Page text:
NEW YORK — Watching video online in small, fuzzy boxes is heading the way of rabbit ears.
Some highly anticipated Web sites are being modeled on making the experience of watching video online more like watching television. These sites rely on software that enlarges the interface so that it fills your computer screen — from edge to edge.
This new wave of applications is led by Joost and includes VeohTV and Babelgum. Though all are in beta (testing) phases, the hype has been mounting — leading many to claim the next big advance in online video is imminent.
"The distribution problem is starting to get solved by many different people, but the experience of online video is still very poor," said Veoh founder Dmitry Shapiro. "Companies like Veoh and Joost are trying to create a more TV-like experience for viewers."
Of course, YouTube, which Google Inc. bought for $1.76 billion last fall, is the site that braved the online video path. Though YouTube offers the option of a full-screen mode, video is typically watched in a smaller box that can be embedded in other sites.
These new sites, all of which are ad-supported and transmit video with peer-to-peer technology, are seeking to move beyond YouTube by improving video quality, attracting professionally produced content and expanding the viewing experience — which is to say: to be more like TV.
Babelgum's slogan is: "TV experience, Internet substance." Veoh touts: "VeohTV makes watching Internet as simple as watching television." Joost simply states: "The new way of watching TV."
Each of the three work nearly the same way. You download the application from the respective Web site. When that's finished, you have a desktop icon that will launch the application. It then fills your screen with an on-demand-style choice of videos arranged in near broadcast-quality channels.
Joost — founded by Janus Friis and Niklas Zennstrom (the founders of the Internet telephone company Skype and the music-sharing service Kazaa) — says it has created enough buzz to attract 1 million beta users.
Joost's strategy has been to sign deals with major content providers, making copyright lawsuits unlikely. (YouTube, on the other hand, is being sued by Viacom Inc. for more than $1 billion.) It has inked deals with Viacom, CBS, CNN, the NHL, Sony and others.
"The early stages of video content on the Internet was a lot of user-generated stuff, stuff like my grandmother and her cat," said Joost chief executive officer Mike Volpi. "What we're trying to do is evolve that experience into something that the viewer doesn't view just out of interest, but actually builds an affinity with that particular programming content."
Volpi notes users won't watch long-format video "on a postage stamp-size thing." But altering viewing habits to watch more than 5-minute clips even on a full-screen application may be difficult.
A poll conducted last September by The Associated Press and Time Warner Inc.'s AOL found that only one in five online video viewers have watched or downloaded a full-length movie or TV show.
James McQuivey, a TV and media technology analyst for Forrester Research, believes people will grow more accustomed to long-form material as it becomes easier to download it.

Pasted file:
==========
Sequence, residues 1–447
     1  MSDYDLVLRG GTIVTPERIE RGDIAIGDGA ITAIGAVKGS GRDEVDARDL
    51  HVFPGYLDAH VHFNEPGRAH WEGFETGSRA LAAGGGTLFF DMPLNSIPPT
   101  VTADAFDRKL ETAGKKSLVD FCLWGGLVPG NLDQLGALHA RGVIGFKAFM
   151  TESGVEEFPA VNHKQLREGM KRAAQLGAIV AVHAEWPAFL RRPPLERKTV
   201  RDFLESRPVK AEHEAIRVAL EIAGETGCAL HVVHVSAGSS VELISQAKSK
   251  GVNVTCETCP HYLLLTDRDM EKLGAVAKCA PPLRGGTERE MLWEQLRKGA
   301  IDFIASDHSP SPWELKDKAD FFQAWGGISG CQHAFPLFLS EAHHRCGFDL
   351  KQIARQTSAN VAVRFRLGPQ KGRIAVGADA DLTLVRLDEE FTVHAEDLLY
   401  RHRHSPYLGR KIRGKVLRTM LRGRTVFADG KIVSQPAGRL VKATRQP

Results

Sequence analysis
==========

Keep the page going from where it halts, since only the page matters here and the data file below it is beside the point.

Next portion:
But he cautions that Joost is "an evolutionary step, not a revolutionary one."
"If there's anything that Joost does, it moves the ball forward," said McQuivey. "It tells people that the TV and the PC are not two separate worlds. But as long as we're still mimicking the TV on the PC, we're failing to appreciate the value of combining those two worlds."
Babelgum bears many similarities to Joost, but is primarily focused on video from independent producers, rather than mainstream sources, said co-founder and CEO Valerio Zingarelli.
Zingarelli said Babelgum also plans to embed its platform in set-top boxes by the end of 2008, which would make its content viewable on traditional TV sets. Apple offers such a box for video purchased on iTunes, and more video companies are expected to follow suit.
Veoh has both a YouTube-like site at Veoh.com and VeohTV, which Shapiro called a "video browser." Though VeohTV is pursing deals with the major TV networks and many Hollywood studios, its approach is to cull all the Internet's free video in one place — "like Google for video," said Shapiro. It also allows viewers to record video like a DVR.
Veoh even took the pre-emptive step of recently suing Universal Music to bar it from taking legal action against Veoh. Many content providers would prefer its material to be shown on its own platform, where it controls the surrounding advertising.
"For the consumer to try to figure out where to find video that they're interested in and navigate their interfaces becomes extremely difficult," said Shapiro.
The Internet and television are increasingly being portrayed as on a collision course, the two destined to fuse within 10-20 years when TV could become just another form of high-speed data. But those visions remain relatively far in the future. Online video is still in its infancy, Shapiro said.
"People are just starting to discover it and understand it," Shapiro said.
Joost, Babelgum and Veoh have several heavyweights to compete with, including Microsoft's LiveStation, Apple TV and the recently unveiled Hulu, a joint venture of NBC Universal and News Corp.
The analyst McQuivey doubts YouTube should be worried because its interactivity has "created a social kind of viewing."
Joost, in particular, hopes to accomplish something that similarly fosters discussion among viewers. Volpi says Joost will blend the viewing experience with real-time water-cooler conversation.
Joost plans to become available to the public before the end of the year, Babelgum is planning to launch in March, and Shapiro expects to keep VeohTV in beta no longer than a year from now.
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